While the pandemic has prevented us from marching for May Day, the virus has thrown a spotlight on the importance of workers to the world we live in. Gavin Campbell looks at the history of International Workers’ Day and argues it is more relevant than ever before.
Ever since May 1st was established in 1889 as an international day of demonstration, ‘May Day’ has long been a vocal point for workers’ demands. While the radical nature of May Day has ebbed and flowed throughout its history, resistance from the establishment to the international workers day has been consistent. This year, amid the Covid-19 pandemic, there is a tremendous spotlight on the role workers play in society. It is very clear today that without workers not a single wheel could turn. Under lockdown conditions May 1st can’t be marked as it traditionally is with mass protests, marches and rallies – but it continues to be a central date on the socialist, trade union and workers movement calendar.
Birth of May Day
The worldwide call by the socialist movement in 1889 to establish May Day was inspired by the tens of thousands of striking workers on the streets of cities across the US demanding the eight-hour day on May 1st 1886. The centre of this struggle in the US was Chicago, where workers laboured in crammed sweatshops regularly putting in 14 hour days.
Two days after the massive May 1st actions in 1886 the Chicago police killed four workers at protest. A demonstration was organised for the following day, May 4th, in Haymarket Square. The rally was peaceful but as it was nearing closure police waded into the crowd. A bomb was thrown into the ranks of police and this became the excuse for a deadly rampage by the authorities.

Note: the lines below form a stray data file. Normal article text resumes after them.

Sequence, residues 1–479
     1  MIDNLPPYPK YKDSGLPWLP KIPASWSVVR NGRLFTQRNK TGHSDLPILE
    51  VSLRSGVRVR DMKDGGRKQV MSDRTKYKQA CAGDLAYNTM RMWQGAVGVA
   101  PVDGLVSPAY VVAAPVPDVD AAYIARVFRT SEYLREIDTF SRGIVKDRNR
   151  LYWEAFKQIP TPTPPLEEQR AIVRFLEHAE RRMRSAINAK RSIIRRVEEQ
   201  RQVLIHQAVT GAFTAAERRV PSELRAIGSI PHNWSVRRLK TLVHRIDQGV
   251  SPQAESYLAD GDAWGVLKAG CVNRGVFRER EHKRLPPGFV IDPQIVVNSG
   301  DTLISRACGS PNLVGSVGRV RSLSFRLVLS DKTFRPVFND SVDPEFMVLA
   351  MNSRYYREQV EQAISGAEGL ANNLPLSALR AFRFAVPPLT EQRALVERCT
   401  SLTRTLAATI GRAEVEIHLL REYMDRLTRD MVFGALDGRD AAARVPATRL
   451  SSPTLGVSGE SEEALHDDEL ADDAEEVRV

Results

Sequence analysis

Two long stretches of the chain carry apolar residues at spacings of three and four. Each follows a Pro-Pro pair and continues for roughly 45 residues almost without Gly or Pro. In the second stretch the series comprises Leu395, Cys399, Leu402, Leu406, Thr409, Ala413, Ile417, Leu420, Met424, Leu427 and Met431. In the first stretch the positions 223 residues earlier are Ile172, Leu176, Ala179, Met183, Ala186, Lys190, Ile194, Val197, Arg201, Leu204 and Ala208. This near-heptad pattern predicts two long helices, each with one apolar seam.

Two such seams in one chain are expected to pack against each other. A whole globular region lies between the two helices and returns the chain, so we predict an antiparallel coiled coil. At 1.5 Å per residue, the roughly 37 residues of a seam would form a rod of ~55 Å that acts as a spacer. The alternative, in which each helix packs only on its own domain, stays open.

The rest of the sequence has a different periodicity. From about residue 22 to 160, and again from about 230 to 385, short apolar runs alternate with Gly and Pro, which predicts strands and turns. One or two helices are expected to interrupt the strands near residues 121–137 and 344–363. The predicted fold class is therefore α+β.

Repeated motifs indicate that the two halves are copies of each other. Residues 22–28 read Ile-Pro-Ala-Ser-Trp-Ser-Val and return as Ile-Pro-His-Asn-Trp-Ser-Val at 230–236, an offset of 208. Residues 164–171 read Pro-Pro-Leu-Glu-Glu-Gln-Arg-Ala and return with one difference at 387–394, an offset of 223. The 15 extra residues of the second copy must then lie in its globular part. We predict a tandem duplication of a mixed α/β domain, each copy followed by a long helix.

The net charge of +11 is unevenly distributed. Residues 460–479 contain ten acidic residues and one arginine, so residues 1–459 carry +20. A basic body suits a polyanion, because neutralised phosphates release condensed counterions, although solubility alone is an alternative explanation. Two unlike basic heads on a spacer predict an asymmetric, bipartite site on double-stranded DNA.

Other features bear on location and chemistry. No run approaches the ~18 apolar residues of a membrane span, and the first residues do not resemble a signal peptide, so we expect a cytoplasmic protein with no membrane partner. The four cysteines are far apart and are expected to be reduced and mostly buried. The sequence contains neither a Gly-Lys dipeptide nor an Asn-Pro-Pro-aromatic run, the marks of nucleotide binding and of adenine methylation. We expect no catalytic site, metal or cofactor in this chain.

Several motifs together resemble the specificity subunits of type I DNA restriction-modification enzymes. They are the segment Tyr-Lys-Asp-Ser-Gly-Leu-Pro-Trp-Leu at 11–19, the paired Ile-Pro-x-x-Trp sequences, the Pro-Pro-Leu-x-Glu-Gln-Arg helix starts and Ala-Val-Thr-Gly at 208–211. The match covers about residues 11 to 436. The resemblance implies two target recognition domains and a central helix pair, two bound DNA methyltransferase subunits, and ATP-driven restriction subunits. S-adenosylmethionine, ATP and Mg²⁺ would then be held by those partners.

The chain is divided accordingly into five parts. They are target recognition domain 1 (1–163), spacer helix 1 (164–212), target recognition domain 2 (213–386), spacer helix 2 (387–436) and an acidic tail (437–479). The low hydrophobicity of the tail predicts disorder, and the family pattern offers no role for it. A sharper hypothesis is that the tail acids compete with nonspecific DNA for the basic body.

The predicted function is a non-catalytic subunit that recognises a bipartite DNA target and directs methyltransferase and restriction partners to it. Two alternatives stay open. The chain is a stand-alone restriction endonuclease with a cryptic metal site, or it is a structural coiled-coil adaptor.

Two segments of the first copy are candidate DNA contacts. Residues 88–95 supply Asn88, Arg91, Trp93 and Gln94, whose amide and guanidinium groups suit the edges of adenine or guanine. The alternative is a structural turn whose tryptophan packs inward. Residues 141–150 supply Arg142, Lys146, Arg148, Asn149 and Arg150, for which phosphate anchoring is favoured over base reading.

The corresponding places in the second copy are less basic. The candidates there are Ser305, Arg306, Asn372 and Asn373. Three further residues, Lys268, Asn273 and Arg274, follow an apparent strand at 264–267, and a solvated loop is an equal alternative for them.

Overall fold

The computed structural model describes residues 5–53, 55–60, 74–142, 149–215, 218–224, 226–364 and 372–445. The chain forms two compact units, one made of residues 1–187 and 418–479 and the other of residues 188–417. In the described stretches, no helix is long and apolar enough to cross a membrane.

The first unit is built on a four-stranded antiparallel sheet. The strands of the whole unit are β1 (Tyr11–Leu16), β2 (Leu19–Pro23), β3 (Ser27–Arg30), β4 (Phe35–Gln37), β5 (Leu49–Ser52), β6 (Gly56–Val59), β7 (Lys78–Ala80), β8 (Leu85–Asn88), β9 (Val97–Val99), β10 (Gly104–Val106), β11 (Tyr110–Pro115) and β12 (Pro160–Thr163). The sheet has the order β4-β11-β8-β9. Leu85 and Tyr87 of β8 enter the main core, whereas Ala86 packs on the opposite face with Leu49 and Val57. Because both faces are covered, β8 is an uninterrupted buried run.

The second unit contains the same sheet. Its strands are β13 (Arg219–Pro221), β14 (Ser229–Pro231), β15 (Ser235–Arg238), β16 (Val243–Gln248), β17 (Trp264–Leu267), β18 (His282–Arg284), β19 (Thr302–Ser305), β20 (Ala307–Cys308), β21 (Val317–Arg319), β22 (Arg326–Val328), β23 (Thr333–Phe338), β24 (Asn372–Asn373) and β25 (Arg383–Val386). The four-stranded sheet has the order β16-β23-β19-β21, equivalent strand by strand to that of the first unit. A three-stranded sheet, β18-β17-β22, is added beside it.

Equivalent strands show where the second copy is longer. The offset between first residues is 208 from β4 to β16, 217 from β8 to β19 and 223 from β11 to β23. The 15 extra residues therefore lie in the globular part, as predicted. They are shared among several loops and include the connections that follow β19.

Eight anarchists, August Spies, Albert Parsons, Samuel Fielden, George Engel, Adolph Fischer, Michael Schwab, Louis Lingg and Oscar Neebe, were arrested and charged with conspiring to commit the bombing. However, most of the charged men were not at Haymarket when the explosion occurred.
Chicago’s political establishment and big employers were terrified of the mass movement involving immigrant and native-born workers. Fearing its militancy and demands, elites determined the workers’ movement had to be stopped at all costs. They decided to make the radical leaders in Chicago an example to workers around the country. The trial was about the politics of capitalism versus socialism and not about whether there was proof those charged had played any role in the police bombing.
All eight defendants were convicted, with death sentences on all except Neebe, who was given 15 years in prison. Fielden’s and Schwab’s had their sentences commuted to life in prison. Lingg exploded a stick of dynamite inside his mouth the day before he was supposed to hang. Despite an inspiring international campaign opposing their execution, Parsons, Spies, Fischer and Engel were ultimately hanged on November 11, 1887. Hundreds of thousands attended their funerals in Chicago and they became known internationally as the Haymarket martyrs.